On June 15, MSF treated twenty-seven people, including a newborn child, with violence-related injuries. On July 14, thirty policemen and some local officials destroyed and looted the makeshift refugee camp. In the process, 259 homes were destroyed. “I was working. When I went back to my shelter I found it totally destroyed,” a camp resident recounted. “A police inspector was there with nine or ten people. I asked why they destroyed my house. He showed me a fish cutter and said: ‘One more word and I will cut you.’”
Trapped in a world where they are prevented from supporting themselves and denied any official assistance, unofficial Rohingya refugees are vulnerable to the unscrupulous activities of people manipulating and making profits from their hopes and fears. A large number of these refugees can be found working illegally as cheap labour, incurring the resentment of local communities. In some cases, the small wages earned by these labourers are extorted from them by the locals. Regular harassment by the police, including beatings and detentions, is also widespread. There are also reports of Rohingya women being coerced into commercial sex trade.
The situation in Kutupalong is symptomatic of a far wider crisis, with its root lying across the border in Myanmar. Although they have been living in Myanmar for hundreds of years, Rohingyas are denied citizenship by the country’s military government. Denied their basic human rights, Rohingyas face routine persecution and discrimination in their own land. They are forbidden to marry, to have children or to travel without purchasing government issued licenses that cost a prohibitive amount of money. The fear for life and the absolute loss of dignity of those who have fled from Myanmar to Bangladesh is evident in their stories.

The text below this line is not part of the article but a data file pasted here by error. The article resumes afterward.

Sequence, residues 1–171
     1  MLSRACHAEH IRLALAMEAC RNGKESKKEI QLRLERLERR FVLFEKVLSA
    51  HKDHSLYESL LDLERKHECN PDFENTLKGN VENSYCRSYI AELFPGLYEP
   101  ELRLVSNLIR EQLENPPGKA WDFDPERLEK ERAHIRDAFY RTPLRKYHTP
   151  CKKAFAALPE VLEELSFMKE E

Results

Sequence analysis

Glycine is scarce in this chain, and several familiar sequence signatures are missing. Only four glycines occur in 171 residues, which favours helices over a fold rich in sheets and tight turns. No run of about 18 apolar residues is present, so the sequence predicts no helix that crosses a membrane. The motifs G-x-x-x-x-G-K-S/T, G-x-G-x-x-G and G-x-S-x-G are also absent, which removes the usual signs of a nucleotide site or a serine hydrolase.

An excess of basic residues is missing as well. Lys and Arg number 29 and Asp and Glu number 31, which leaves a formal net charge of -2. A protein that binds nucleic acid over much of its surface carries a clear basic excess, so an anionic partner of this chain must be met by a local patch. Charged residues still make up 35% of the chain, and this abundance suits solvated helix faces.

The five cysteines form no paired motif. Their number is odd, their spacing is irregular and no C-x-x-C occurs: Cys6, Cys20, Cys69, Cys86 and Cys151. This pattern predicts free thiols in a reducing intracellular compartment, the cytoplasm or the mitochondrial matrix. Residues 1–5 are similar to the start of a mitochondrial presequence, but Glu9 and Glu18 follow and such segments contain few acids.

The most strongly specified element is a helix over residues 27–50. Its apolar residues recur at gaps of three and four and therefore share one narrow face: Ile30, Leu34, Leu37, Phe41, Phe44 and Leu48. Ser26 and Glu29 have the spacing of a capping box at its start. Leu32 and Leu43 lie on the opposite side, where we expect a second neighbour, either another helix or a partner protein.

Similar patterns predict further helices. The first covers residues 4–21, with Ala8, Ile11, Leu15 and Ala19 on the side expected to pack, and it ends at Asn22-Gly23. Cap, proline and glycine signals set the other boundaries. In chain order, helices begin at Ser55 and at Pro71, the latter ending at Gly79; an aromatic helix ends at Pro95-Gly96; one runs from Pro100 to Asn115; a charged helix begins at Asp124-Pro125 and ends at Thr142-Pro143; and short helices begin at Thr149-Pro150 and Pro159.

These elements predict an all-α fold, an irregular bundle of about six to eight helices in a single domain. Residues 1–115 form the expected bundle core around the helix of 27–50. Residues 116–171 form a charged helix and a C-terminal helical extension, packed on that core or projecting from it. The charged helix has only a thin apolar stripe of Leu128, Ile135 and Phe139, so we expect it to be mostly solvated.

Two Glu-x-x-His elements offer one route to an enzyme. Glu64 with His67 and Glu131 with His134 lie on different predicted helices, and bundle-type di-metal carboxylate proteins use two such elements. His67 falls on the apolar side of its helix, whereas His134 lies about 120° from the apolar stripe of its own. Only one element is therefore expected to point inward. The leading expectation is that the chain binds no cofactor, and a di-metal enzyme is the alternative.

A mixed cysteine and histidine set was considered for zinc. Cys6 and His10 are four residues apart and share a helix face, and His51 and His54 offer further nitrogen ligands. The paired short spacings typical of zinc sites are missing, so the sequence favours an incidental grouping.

One Rohingya woman, now a refugee in Bangladesh, described to MSF how she lost her pregnant daughter resulting from the fear of repercussions of an illegal birth, “My daughter was pregnant. To kill the baby, she took a root drink and one of our relatives gave her a rough abdominal massage. She was bleeding badly and having fits. We were scared that the Burmese authorities would force us to pay a huge fine or arrest her because she was pregnant while not officially married. We did not take her to the hospital, instead, we went to the local healer. She died the next day.”
“Over the years I have heard many reasons why people fled from Myanmar. Largely it comes down to fear of being arrested or intimidated. A woman and her three children left following her husband’s arrest, in fear for her family. Another couple – the woman some months pregnant – fled out of fear of the repercussions they would face for being unable to afford the official marriage license, not to mention the child birth license,” says Gabriela Popescu, MSF medical coordinator in Bangladesh.
The first wave of Rohingya refugees fled to Bangladesh in 1978, followed by another wave in 1991-1992. Today, despite Bangladesh government’s routine practice of involuntary repatriation to Myanmar, people continue to arrive in Bangladesh, escaping persecution at the hands of the Myanmarese junta. This has developed into a regional challenge as evident in recent headlines about Thai authorities pushing away boatloads of Rohingya men seeking refuge in Thailand back to the sea.
“I was born in Myanmar, but, that government says I do not belong there. I grew up in Bangladesh, but, this government says I can not stay here. As a Rohingya, I am caught between a crocodile and a snake,” a nineteen-year-old unrecognised Rohingya refugee told MSF.
Rohingyas must be guaranteed a healthy and dignified life and if, due to a well founded fear of persecution, they choose to leave their homeland then the government of Bangladesh, and other countries in the region, must offer them refuge and assistance in accordance with international standards of humanitarian assistance.♦
Naomi Pardington is Communications Advisor (Bangladesh, Ethiopia, Moldova, Myanmar, Somalia) at Médecins Sans Frontières. For more information about MSF’s work in Bangladesh and Myanmar see http://www.msf.org